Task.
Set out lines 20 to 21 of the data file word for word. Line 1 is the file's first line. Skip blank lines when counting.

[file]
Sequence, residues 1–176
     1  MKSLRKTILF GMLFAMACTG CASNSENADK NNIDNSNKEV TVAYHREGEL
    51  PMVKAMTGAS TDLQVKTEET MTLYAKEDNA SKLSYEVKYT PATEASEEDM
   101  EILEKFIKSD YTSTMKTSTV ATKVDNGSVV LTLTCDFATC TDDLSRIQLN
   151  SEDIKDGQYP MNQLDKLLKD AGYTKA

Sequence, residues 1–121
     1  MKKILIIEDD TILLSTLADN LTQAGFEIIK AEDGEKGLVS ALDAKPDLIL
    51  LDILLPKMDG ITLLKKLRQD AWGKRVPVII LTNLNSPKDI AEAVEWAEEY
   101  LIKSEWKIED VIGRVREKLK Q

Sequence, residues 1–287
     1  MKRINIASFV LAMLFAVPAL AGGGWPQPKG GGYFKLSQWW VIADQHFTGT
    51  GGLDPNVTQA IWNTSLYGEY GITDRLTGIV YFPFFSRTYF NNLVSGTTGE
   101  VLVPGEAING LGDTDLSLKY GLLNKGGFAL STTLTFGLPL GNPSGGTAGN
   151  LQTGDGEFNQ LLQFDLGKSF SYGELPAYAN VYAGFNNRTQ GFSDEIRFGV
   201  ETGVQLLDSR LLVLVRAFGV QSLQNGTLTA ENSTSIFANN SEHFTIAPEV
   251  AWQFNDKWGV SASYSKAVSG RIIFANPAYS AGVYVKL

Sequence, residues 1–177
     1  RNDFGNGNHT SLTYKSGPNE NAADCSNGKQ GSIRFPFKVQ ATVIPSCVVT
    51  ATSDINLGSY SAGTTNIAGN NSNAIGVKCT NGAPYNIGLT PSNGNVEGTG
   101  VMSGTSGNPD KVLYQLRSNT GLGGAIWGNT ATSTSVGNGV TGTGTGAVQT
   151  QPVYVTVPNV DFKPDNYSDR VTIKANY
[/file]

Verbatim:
   101  VMSGTSGNPD KVLYQLRSNT GLGGAIWGNT ATSTSVGNGV TGTGTGAVQT
   151  QPVYVTVPNV DFKPDNYSDR VTIKANY